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Embracing Obscurity: Becoming Nothing in…

Embracing Obscurity: Becoming Nothing in Light of God's Everything (edition 2012)

by Anonymous Anonymous

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1662971,708 (3.69)2
Title:Embracing Obscurity: Becoming Nothing in Light of God's Everything
Authors:Anonymous Anonymous
Info:B&H Books (2012), Paperback, 224 pages
Collections:Your library
Tags:November 2012

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Embracing Obscurity: Becoming Nothing in Light of God's Everything by Anonymous


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This review was written for LibraryThing Early Reviewers.
Embracing Obscurity is an interesting read. I was attracted to the concept of becoming nothing in light of God, considering the Bible calls us to humble ourselves. The concept is great and the points that the author makes are true and there were definitely a few nuggets that I took away from it. However, I was just not blown away. The content is good, but I did not feel like I learned much. However, if you are looking for a book to get you pointed in the right direction when it comes to humbling yourself before God, this is your book. If you are a seasoned follower of God like myself, you could probably pass this book up and be alright. ( )
  patsylynne | Oct 23, 2014 |
This review was written for LibraryThing Early Reviewers.
This book is a present day continuation of Christian literature focuses on drawing our attention away from ourselves, away from things, away from all the trappings and distractions that modernity has to offer, and returning our attention to being humble before God. Being humble is a daunting task in a world filled with status updates and intense navel-gazing, but the author is able to articulate herself (or himself) that makes sense. She (or he) speaks with clarity, and shares openly about her (or his) experiences with struggling with pride vs humility, which lends an air of authority to her (or his) perspective. An excellent book that I would recommend to anyone struggling with humility, or even interested in contemplating stepping back a bit from the status quo. ( )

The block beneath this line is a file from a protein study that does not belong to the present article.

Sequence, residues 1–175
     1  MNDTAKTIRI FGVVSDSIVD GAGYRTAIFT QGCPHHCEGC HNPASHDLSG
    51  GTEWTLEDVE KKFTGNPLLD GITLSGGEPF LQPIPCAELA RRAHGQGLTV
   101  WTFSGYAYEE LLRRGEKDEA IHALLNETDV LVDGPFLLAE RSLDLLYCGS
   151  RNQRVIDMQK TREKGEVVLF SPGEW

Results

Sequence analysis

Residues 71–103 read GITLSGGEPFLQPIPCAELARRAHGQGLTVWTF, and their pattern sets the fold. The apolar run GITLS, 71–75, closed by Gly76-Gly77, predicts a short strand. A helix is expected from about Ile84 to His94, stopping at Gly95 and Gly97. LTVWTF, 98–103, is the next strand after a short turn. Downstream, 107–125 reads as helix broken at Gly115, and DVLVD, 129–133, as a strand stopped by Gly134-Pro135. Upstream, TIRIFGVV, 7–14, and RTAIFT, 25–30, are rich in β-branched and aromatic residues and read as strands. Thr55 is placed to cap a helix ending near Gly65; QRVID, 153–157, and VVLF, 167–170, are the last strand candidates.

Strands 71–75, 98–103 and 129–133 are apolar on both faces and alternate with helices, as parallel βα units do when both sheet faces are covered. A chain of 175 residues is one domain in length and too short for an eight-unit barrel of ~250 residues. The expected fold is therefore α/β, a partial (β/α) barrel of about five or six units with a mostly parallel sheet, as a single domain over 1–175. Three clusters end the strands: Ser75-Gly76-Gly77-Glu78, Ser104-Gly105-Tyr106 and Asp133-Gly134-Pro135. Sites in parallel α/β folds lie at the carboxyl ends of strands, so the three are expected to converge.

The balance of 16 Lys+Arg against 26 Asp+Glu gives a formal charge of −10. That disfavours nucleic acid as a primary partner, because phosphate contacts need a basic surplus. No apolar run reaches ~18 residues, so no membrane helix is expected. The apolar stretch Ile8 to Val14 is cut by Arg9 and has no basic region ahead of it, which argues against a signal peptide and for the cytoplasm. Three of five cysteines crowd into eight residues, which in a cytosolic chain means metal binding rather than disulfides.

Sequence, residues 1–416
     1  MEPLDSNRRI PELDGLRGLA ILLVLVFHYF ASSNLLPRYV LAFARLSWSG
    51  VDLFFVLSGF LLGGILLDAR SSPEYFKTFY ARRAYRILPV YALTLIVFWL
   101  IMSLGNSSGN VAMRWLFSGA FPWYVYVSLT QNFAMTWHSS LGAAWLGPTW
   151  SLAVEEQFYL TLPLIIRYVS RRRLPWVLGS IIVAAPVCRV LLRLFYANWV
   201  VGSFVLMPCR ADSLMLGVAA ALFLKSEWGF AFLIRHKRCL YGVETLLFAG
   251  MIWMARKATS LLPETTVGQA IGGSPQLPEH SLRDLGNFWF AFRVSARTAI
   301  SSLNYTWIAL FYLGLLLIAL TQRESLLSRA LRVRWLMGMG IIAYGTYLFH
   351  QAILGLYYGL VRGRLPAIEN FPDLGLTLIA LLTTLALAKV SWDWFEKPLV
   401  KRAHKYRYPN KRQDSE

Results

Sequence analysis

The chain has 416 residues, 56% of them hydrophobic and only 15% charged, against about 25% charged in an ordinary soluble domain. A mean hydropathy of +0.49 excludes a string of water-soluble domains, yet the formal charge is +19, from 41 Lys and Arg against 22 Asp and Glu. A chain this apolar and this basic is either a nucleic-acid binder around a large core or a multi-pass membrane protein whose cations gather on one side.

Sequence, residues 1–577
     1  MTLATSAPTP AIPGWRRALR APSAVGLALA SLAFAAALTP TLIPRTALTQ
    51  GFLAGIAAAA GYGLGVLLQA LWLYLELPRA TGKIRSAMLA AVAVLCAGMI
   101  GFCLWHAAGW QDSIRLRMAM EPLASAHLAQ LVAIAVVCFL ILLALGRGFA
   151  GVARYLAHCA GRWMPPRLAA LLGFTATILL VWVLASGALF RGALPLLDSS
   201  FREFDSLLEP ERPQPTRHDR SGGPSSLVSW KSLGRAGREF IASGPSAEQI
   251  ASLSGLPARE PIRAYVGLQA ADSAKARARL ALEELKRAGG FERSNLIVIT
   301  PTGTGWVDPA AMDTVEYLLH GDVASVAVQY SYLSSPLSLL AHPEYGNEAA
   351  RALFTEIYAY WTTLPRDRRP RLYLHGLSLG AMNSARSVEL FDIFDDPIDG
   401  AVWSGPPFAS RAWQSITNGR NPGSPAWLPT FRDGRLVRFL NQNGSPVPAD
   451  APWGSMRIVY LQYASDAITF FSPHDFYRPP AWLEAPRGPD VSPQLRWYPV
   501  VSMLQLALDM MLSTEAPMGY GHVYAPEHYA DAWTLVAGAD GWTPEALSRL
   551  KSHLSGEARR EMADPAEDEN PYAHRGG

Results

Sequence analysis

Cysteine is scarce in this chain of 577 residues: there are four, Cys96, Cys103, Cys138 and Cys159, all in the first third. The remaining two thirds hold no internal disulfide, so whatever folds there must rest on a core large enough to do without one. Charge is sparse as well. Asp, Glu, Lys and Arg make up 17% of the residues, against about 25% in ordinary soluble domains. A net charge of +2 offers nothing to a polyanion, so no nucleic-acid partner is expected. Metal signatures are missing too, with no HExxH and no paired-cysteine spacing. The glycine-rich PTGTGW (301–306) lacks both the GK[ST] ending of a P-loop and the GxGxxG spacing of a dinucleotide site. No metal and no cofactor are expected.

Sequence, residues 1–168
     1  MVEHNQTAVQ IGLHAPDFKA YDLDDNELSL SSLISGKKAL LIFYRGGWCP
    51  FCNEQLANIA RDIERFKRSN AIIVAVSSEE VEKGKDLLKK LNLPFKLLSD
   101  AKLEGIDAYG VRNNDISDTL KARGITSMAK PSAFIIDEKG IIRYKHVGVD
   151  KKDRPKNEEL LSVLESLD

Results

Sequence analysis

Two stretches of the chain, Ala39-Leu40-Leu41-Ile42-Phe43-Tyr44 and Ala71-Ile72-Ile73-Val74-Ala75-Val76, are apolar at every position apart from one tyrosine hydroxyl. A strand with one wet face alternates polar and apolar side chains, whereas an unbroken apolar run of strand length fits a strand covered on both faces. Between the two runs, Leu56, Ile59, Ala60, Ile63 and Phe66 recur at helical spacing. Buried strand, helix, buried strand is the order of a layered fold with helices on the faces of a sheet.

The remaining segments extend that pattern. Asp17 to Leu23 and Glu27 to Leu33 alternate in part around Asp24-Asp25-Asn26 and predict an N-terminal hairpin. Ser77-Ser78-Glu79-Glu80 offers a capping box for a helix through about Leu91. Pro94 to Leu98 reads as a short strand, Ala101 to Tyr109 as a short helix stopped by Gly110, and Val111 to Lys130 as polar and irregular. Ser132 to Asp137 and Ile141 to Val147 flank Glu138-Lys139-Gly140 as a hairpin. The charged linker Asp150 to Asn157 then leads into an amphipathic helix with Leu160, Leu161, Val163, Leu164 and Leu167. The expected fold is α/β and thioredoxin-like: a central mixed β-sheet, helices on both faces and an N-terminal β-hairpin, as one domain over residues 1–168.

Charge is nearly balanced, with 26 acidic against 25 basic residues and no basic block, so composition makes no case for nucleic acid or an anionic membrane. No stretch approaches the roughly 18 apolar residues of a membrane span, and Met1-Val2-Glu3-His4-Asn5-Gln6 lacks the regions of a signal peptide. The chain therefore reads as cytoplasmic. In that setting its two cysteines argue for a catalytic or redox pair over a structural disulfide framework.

editfish | Aug 4, 2013 |
This review was written for LibraryThing Early Reviewers.
This author does a decent job at balancing the seemingly paradoxical truths that we are to be humble, and yet accept that we are loved completely by our Creator. It is possible to believe that we have received the greatest gift possible, and still be humble before our God. ( )
  agglendening | Jul 25, 2013 |
You can read my full review at Quieted Waters.
That section, contrasting Christ's disposition in giving up heaven to enter our world with that of Satan in rebelling against God, was the strongest of the entire book. I read each contrasting pair with eyes wide open, recognizing far too much pride in my own life. Where Jesus did not count equality with God something to be grasped, I too often presume upon His grace. Where Jesus willingly humbled Himself, I too often seek out accolades. This book speaks right into that pride, reminding me that God calls most of us to live lives of humble service. ( )
  QuietedWaters | May 22, 2013 |
Not quite what I was expecting. I wrongly believed it was a book about practical ways of exercising the discipline of obscurity. Instead, it was a book with many Bible stories and Scripture verses giving good reminders to strive towards living in obscurity. About a life committed to serving God and serving others void of arrogance, pride, materialism, and success. I liked the author's focus on Jesus as the one who modeled obscurity. After all, the first 30 years of Jesus' life remains a mystery with a lot of unknowns about the greatest man that has ever lived. Furthermore, there were many times throughout Jesus' ministry where He disappeared into obscurity and never intentionally drew attention to himself. For example, instead of riding into town on a glorious steed full of pomp and circumstance, He rode in on a mere donkey. And, whenever Jesus did perform miraculous feats, He always gave glory to the Father rather than to himself. Jesus, the greatest model of someone who embraced obscurity when He could have rightfully demanded praise and adoration, instead was born in a dingy manger and died a rather obscure and gruesome death.

Overall, a decent read. But, nothing new or enlightening. At times very dry. However, a good reminder for us Christians to die to self, remain humble, serve others, and to embrace the wonder of obscurity. ( )
  gdill | May 16, 2013 |
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